By Gwynne Robins, Senior Researcher, Cape SAJBD
On 2 September, former Western Cape Premier Helen Zille unveiled a Blue Plaque, initiated by the Muizenberg Historical Conservation Society in commemoration of the great contribution to Muizenberg made by the Jewish community.
It is heart-warming in a period of shrinking numbers and influence that the South African Jewish community has received such recognition.
Muizenberg as a popular holiday resort was first put on the map in 1880 when Isidore Hirsch and his wife, renowned for her cooking, first opened Farmer Peck’s Inn. Muizenberg became a premier holiday resort with people coming from as far as the Congo to spend their holidays here, and to meet prospective spouses in the hotels or at the Snakepit. On the way the children would sing:
We’re off again on the early train on the way to Muizenberg,
It’s near or far by train or car on the way to Muizenberg,
From Jo’burg they come to shmek on the yam [sniff of the ocean] on the way to Muizenberg,
The mother and daughters they splash in the waters deep in the heart of Muizenberg.
Even Chaim and Vera Weizmann visited. By 1925, Jews owned or operated 17 of the 28 hotels and boarding houses; and a new immigrant sent a postcard in Yiddish home to his wife, “The houses you see are hotels… and on a Sunday, people from Cape Town come here in their thousands.” Convinced, she joined him two years later and they established a hairdressing salon.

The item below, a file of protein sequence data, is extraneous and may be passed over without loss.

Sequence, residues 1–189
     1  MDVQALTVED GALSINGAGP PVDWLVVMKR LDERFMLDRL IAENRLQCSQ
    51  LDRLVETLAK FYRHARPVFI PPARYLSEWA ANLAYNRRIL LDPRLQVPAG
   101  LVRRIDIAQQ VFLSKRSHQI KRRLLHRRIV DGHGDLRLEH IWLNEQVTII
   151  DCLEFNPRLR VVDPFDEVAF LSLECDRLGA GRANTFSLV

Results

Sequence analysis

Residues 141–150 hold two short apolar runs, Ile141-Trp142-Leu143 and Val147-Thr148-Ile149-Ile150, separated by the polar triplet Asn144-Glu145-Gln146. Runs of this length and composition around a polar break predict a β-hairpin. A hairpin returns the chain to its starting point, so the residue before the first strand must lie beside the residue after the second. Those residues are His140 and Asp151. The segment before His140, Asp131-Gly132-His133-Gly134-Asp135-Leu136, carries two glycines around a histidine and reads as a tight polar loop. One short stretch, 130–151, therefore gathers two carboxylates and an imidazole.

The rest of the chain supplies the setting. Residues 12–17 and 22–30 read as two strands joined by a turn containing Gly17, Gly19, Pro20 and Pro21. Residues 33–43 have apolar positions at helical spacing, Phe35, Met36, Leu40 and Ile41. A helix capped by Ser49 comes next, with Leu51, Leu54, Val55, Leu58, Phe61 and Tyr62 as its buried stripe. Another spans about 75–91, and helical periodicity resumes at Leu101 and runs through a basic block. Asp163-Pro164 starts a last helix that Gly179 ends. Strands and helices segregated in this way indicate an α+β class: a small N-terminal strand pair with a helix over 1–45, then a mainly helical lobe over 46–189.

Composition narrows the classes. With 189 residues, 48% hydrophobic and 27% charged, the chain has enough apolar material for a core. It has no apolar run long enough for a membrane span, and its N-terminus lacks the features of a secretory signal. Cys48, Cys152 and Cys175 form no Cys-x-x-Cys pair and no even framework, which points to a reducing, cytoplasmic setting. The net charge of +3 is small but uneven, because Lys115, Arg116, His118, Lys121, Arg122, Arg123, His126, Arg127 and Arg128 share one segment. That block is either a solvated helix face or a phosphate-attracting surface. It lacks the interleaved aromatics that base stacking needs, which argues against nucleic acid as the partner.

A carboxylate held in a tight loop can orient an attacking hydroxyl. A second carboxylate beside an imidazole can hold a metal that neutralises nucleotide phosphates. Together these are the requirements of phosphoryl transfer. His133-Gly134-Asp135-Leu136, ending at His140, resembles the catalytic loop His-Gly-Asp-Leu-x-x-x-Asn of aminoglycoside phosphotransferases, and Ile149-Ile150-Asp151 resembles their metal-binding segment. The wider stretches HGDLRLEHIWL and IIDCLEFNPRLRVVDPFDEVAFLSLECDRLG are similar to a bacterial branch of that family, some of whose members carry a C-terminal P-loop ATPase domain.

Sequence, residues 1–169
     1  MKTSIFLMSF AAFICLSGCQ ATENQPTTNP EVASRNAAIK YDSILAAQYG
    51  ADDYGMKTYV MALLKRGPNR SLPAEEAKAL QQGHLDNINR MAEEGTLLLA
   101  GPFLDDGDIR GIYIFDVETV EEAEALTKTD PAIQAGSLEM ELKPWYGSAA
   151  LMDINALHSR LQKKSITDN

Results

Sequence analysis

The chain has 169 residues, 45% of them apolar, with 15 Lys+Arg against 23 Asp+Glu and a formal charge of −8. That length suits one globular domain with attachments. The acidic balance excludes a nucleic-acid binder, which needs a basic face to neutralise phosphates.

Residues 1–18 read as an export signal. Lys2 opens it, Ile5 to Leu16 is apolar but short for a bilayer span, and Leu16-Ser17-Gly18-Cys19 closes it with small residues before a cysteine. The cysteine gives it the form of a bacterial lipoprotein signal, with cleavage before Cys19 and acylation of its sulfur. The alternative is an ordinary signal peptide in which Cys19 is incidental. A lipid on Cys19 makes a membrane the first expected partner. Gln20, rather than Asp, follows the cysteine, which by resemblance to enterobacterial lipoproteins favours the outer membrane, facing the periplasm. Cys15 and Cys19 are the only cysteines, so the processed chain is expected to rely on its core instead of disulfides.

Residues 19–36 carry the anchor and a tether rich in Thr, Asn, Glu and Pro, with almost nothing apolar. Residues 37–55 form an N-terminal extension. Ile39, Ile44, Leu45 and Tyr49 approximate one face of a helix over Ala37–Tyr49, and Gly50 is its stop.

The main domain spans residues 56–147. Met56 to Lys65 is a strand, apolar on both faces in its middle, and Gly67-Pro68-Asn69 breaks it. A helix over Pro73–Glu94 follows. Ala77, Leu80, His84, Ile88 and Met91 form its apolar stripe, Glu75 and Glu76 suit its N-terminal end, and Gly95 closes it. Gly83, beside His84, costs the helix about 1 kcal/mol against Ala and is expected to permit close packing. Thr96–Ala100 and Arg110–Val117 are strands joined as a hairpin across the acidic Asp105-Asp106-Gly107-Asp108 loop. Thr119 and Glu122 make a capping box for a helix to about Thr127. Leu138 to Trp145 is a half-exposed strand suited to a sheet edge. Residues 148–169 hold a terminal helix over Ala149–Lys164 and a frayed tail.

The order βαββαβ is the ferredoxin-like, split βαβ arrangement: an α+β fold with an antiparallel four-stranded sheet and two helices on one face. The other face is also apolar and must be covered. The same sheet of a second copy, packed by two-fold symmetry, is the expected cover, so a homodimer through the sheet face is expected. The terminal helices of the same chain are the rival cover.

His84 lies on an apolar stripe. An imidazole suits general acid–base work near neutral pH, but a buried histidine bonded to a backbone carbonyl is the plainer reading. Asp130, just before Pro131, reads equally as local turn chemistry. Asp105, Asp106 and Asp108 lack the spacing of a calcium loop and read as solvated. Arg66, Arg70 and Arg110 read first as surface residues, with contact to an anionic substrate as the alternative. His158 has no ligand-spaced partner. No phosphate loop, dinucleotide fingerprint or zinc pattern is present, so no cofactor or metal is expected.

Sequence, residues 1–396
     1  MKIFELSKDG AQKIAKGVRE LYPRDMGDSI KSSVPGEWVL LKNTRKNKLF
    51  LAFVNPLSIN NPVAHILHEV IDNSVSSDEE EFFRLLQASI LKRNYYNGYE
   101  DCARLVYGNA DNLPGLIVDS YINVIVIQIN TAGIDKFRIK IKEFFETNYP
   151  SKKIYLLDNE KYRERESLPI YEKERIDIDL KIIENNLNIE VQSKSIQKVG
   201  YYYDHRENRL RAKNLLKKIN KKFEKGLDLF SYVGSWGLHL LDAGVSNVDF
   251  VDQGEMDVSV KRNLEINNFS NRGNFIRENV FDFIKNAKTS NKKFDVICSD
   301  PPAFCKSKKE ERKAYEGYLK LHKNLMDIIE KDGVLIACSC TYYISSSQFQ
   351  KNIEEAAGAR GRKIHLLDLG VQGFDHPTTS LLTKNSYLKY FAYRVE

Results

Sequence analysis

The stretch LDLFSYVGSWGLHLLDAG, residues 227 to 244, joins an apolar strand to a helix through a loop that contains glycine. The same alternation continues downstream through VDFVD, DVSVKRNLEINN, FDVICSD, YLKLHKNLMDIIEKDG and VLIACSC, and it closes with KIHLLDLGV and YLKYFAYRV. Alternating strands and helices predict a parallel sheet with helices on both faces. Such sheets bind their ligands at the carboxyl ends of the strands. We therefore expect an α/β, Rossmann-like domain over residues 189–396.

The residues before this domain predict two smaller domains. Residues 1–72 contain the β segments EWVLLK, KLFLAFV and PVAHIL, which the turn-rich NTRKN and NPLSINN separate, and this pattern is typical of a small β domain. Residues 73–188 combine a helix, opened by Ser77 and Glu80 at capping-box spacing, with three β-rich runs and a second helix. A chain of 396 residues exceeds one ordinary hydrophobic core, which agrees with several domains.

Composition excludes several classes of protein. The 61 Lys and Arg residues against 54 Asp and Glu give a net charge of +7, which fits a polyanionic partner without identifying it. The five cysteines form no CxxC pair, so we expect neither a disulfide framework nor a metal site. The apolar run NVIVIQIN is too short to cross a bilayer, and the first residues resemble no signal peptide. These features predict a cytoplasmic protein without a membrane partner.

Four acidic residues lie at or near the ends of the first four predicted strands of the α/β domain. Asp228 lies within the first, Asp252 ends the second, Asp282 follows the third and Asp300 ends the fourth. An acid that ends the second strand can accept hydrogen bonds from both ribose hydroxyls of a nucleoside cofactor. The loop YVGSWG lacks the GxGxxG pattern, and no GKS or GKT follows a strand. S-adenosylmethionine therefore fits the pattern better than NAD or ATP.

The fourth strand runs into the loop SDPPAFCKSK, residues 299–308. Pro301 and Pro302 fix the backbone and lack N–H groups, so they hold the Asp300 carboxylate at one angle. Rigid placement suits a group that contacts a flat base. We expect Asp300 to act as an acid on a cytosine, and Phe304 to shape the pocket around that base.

As well as hotels, there were Jewish doctors, dentists, chemists, butchers, grocers, and three Bnoth Zion branches famous for their summer fete in the pavilion. City councillor, Bertie Stern, erected a children’s playground and established the Masque Theatre. There was a religious boarding school, Hillel College, and a beautiful impressive synagogue was established in 1924 with a large communal hall in Wherry Road and its own cemetery. Lois Karol, whose mother had run a boarding house there for a time designed its succah in 1955.
But, as fashions changed and young people started to prefer the cold waters of Clifton, the holiday season became too short to sustain the businesses and the community shrivelled. Muizenberg still swells each summer season when Gauteng guests arrive to shmek on the yam and admire the plaque honouring our community.
• Published in the PDF edition of the October 2021 issue – Click here to get it.
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